Many home business entrepreneurs work in their homes, without giving much thought to the space they call the office. They fail to realize that a little more planning can improve their workspace and make work efficient, productive and safe.
To cut down the costs of creating a home office, many entrepreneurs make do with what they have with no consideration as to how their working conditions can affect their bodies. As a result, they pay the price in terms of body aches, pains, doctor’s bills, decreased productivity, even loss of business. Some even develop disorders like carpal tunnel syndrome and repetitive stress injuries.
Some sit on a chair the whole day typing in the computer, which can cause back pain, aches and stiffness. Others plop up in the couch and bend their backs while writing. The notorious habit of cradling a phone between the head and shoulder can cause stress on the neck. A person wearing bifocals working on a monitor set too high will need to tip back his or her head to see, which may lead to neck pain. Some work on chairs that are either too high or too low, and lights that may be too bright or too dark.
The workplace safety issue has grown tremendously in the past few years. A science called “Ergonomics” have developed in response to increasing concerns on protecting workers from injuries. Nope, this doesn’t mean “expensive furniture,” as many entrepreneurs believe it to be. Rather, ergonomics simply means fitting tools and furniture to people and preventing injuries caused by repetitive motion, awkward posture, force or vibration.
Unlike an employee who depends on the corporate management to ensure a safer workplace, home-based entrepreneurs must put ergonomics as a priority when creating the home office. Entrepreneurs need to understand that poor working conditions have its costs: lost productivity and increased healthcare bills.
There are a number of measures to create a safer environment while working at home, particularly for business owners who use computers all the time. Here are some of them:
- Position the computer monitor so that the top of the screen is eye-level, or slightly lower for bifocal lens wearers. Place the monitor as far from your face as possible, or about 15 and 32 inches between the screen and the eye. Eyeglass wearers need to have a pair specially created for computer use.
- The screen must be free of glare and reflections. Keep the monitor at an angle to or away from bright light. Avoid putting the computer facing a window, as it will reflect light. The computer must not be placed behind a window, as the glare from outside can hurt the eyes.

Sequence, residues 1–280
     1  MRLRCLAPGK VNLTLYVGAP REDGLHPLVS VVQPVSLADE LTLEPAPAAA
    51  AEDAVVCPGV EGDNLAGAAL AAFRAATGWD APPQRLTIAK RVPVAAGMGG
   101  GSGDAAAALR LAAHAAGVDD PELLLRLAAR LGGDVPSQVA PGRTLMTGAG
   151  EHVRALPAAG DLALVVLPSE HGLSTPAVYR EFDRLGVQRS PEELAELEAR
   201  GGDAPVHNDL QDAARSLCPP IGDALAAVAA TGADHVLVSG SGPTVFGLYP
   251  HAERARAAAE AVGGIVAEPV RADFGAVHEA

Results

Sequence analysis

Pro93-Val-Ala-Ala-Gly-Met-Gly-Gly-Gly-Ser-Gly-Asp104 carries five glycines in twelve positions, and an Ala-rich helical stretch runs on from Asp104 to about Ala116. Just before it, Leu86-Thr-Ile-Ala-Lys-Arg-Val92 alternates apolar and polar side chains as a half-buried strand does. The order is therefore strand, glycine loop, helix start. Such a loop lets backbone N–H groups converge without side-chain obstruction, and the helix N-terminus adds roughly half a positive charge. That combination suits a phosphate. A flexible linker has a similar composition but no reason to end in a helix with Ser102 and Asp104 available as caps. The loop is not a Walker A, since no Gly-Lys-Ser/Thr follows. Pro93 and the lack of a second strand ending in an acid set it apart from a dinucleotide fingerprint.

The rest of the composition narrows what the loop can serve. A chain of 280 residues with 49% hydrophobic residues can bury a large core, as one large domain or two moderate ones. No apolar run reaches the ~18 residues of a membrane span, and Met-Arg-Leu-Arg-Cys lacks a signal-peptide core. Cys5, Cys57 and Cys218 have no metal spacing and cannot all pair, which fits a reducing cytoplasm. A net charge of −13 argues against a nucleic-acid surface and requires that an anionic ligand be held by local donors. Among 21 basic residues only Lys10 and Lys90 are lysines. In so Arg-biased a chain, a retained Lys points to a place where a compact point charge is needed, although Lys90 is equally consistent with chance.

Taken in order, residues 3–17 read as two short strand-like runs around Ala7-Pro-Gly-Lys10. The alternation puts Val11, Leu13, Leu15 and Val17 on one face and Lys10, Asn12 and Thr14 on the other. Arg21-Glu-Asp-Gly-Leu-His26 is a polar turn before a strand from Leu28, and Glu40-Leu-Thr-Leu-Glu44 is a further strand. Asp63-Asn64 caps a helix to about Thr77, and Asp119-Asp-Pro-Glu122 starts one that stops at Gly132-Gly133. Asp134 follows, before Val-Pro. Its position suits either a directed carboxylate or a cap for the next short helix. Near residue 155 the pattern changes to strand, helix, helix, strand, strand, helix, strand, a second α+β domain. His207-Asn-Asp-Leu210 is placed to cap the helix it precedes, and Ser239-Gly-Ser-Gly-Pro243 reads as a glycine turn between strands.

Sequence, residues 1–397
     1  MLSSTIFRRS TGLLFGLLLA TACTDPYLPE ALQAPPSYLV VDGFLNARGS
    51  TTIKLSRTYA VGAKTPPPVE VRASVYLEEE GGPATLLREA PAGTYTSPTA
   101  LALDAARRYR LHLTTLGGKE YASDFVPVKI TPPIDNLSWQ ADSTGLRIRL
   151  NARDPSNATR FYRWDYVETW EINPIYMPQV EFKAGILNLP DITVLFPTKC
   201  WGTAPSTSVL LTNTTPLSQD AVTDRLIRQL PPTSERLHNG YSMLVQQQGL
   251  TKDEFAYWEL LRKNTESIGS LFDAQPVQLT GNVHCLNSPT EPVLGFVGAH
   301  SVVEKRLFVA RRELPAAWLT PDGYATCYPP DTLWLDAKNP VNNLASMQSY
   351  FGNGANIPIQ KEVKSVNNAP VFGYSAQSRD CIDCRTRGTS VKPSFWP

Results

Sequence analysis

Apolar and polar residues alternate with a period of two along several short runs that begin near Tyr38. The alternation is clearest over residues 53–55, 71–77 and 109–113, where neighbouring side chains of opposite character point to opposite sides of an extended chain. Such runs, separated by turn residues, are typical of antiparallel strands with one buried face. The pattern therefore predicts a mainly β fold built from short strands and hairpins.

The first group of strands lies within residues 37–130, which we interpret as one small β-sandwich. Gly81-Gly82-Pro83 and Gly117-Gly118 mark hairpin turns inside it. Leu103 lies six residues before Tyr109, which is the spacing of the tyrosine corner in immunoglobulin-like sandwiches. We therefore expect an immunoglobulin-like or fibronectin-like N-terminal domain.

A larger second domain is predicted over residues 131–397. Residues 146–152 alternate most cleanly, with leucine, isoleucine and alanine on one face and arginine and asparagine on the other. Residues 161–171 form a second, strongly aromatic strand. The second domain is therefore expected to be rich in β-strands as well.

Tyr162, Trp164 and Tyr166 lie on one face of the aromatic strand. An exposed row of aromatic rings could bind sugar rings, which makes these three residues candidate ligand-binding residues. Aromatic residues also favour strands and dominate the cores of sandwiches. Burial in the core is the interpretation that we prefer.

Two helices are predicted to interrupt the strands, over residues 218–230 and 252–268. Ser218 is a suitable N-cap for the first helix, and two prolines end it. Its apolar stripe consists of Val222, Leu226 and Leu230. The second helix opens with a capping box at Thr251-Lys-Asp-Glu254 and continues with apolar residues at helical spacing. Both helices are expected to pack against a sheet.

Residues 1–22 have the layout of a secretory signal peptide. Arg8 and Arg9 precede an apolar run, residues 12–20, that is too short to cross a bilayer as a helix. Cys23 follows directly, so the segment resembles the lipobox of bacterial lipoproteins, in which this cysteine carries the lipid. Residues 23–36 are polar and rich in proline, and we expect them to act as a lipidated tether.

- Feet should be flat on the floor. To help elevate the feet, consider a footrest to improve comfort and blood flow. Knees higher than the hips can significantly reduce strain on the lower back.
- Adjust the height of the chair to the body. The chair should have adjustable armrests, and arms should hang loosely and comfortably at the sides.
- The back and seat pan must follow the body’s natural curve to support the lower back when sitting on the chair.
- Get chairs with five legs and castors for support and mobility.
- When typing, wrists should be straight and horizontal to the work surface. Elbow should be at a right angle. Comfort can be increased by using a padded wrist rest in front of the keyboard. If desired, use an ergonomic keyboard. Make sure that the mouse is within reach.
- For heavy phone users, consider getting a phone headset.
- Match the lighting with the task. Detailed and focused tasks require desk and table lamps, while general room lighting requires overhead lights or floor lamps.
- Take time to rest and give your muscles and body a break from time to time. Use the break time to exercise and massage the hands
Recommended Books on Setting Up the Home Office:
- The Smarter Home Office: 8 simple steps to increase your income, inspiration and comfort
- Working from a Home Office Successfully: Best Practice Tips
- Building the Custom Home Office: Projects for the Complete Home Work Space
- Stomp the Elephant in the Office: Put an End to the Toxic Workplace, Get More Done — and Be Excited About Work Again